He shook the thought from his mind, focusing on redressing the wound. Emotions were threatening to cloud his mind completely; it was truly most unlike him.
Perhaps that is why Mycroft had referred to it as a weakness earlier. The brain worked best without distractions, and emotions were the most distracting thing to the brain. That was also why, perhaps, that he and Mycroft were surprisingly distant from each other, despite being brothers; Watson, on more than one occasion, had been more of a brother to him than Mycroft himself.
The detective and the doctor both turned to see one of the Garrideb sisters standing in the doorway of the room.
"We heard you say that you intend to take the doctor back to Baker Street," she said. "My sister went to call a cab for you."
Holmes responded with an awkward "Thank you" as Watson managed to convey his gratitude much more eloquently, despite his weakened and tired condition. The detective ended up giving his companion a sidelong glance.
The other sister returned, having led the cab back to the front door; Watson thanked her, as well, as he attempted to get to his feet.
"Can you manage?" Holmes asked.
"I think so," he replied.
But as he let go of the chair, Watson's knees gave out from under him. Holmes caught him as he fell, supporting him.
"It's bad enough you overestimate your writing abilities; pray, don't start to do the same with your health, Watson!"
It had been an honest attempt to lighten the mood—one that had failed, for the worry was all too conspicuous in his voice.
"I shall be fine, Holmes," Watson insisted.
"And I shall see to it that you are," the detective insisted, supporting him as they walked. He, somehow, managed to thank the sisters again before they departed.
Upon their return to Baker Street, Holmes temporarily left Watson in the caring, capable hands of Mrs. Hudson as he searched for Watson's medical bag; he wanted it on hand in case there would be a need to change the dressing again. Once he had retrieved it, he passed Mrs. Hudson as she left to summon another doctor, as Holmes had instructed.
The detective took the medical bag to Watson's room.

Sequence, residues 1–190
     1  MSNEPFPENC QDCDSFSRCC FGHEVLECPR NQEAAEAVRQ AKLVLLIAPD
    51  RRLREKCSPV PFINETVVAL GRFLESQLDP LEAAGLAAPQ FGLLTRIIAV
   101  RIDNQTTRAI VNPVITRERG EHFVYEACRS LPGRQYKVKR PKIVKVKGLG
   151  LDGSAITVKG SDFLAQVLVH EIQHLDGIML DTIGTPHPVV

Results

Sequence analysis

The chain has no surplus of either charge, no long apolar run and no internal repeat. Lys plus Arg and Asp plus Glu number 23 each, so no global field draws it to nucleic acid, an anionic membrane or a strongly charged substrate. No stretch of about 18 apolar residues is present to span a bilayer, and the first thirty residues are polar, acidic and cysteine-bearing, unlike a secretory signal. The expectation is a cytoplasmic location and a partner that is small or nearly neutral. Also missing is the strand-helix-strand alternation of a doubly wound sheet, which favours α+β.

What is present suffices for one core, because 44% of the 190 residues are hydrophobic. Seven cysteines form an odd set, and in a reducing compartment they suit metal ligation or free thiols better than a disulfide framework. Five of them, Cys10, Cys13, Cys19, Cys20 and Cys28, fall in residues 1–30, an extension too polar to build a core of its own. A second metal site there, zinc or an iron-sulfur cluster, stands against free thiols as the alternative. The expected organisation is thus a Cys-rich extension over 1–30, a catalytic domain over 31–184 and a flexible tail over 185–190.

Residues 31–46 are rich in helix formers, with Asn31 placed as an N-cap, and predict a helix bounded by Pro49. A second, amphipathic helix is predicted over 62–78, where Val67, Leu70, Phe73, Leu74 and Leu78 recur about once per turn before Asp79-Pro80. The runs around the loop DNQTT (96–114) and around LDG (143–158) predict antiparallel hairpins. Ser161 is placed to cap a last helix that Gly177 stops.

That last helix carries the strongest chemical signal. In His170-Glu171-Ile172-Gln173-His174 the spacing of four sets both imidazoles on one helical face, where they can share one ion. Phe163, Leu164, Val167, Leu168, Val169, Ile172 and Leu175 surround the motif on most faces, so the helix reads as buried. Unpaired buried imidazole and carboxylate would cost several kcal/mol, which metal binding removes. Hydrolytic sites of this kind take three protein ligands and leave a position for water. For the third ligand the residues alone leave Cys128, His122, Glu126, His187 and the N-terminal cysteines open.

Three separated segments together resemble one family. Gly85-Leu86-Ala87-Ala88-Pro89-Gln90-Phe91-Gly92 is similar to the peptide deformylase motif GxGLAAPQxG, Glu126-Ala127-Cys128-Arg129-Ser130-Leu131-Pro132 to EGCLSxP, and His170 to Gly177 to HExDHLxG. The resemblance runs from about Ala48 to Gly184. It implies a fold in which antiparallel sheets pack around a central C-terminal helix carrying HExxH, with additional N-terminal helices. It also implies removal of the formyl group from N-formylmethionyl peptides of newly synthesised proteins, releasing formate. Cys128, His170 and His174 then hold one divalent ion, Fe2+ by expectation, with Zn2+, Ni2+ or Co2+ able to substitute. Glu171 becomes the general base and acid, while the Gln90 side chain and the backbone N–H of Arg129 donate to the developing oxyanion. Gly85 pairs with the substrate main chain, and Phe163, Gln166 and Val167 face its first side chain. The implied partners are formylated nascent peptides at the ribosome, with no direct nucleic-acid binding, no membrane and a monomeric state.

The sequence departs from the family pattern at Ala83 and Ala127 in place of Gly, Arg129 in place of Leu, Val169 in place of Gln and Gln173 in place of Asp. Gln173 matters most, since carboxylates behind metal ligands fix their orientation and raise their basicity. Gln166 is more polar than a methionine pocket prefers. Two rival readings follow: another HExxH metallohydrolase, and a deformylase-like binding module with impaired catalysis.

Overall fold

"Holmes, really…" the doctor said, noticing him with the bag.
"I may not be an expert of the medical sciences as you are, but I daresay I have learned something from observing you over the years, just as you have learned deductive reasoning from me. Ah!" Holmes let out an exclamation of triumph as he found the other item he had been searching for in the bag—the thermometer.
Watson let out a quiet sigh, but allowed the detective to take his temperature. Holmes didn't seem pleased by the reading and grumbled something about the whereabouts of that doctor he had asked Mrs. Hudson to fetch.
"I tell you, Watson, if there is a profession with the most aggravating of practitioners, it would be the medical profession." He managed a smirk at Watson's indignant look. "Present company excluded, of course. Though you have had your moments…"
"One may say the same for you," Watson countered, quietly. "I have lost track of the number of hours of sleep lost due to your zeal of solving cases."
"Rest assured, then, my friend, that I have no intention of chasing after a case tonight, so you may sleep uninterrupted."
"I am most relieved to hear that," the doctor murmured. He winced slightly as the wound stung again, but tried to shut his eyes and ignore it.
"And I am most relieved that your injury was not any worse," he said, at last. "I do offer my most sincere apologies for not being here to take the case—and subsequently have the potential to have stopped that ruffian."
"Your apologies are unnecessary, but are accepted all the same," Watson replied. "And your concern is most appreciated, as well."
Holmes managed a wan smile. After all the concern that Watson had shown him over the years, this was the very least he could do.
"Now, if we could only do something about your writing…" he teased, after a moment.
When he did not get the reply he had been expecting, he looked back towards the doctor to see that he had fallen asleep. Holmes then drew the blanket up to Watson's shoulders and sat in the chair in the room, pressing his fingertips together as he lapsed into deep thought once again.
If this—all this concern and worrying for another person—truly was a weakness, then he decided that it was a weakness he did not mind having, for no diamond, no reward, and no treasure could ever hope to measure to the value of a friend.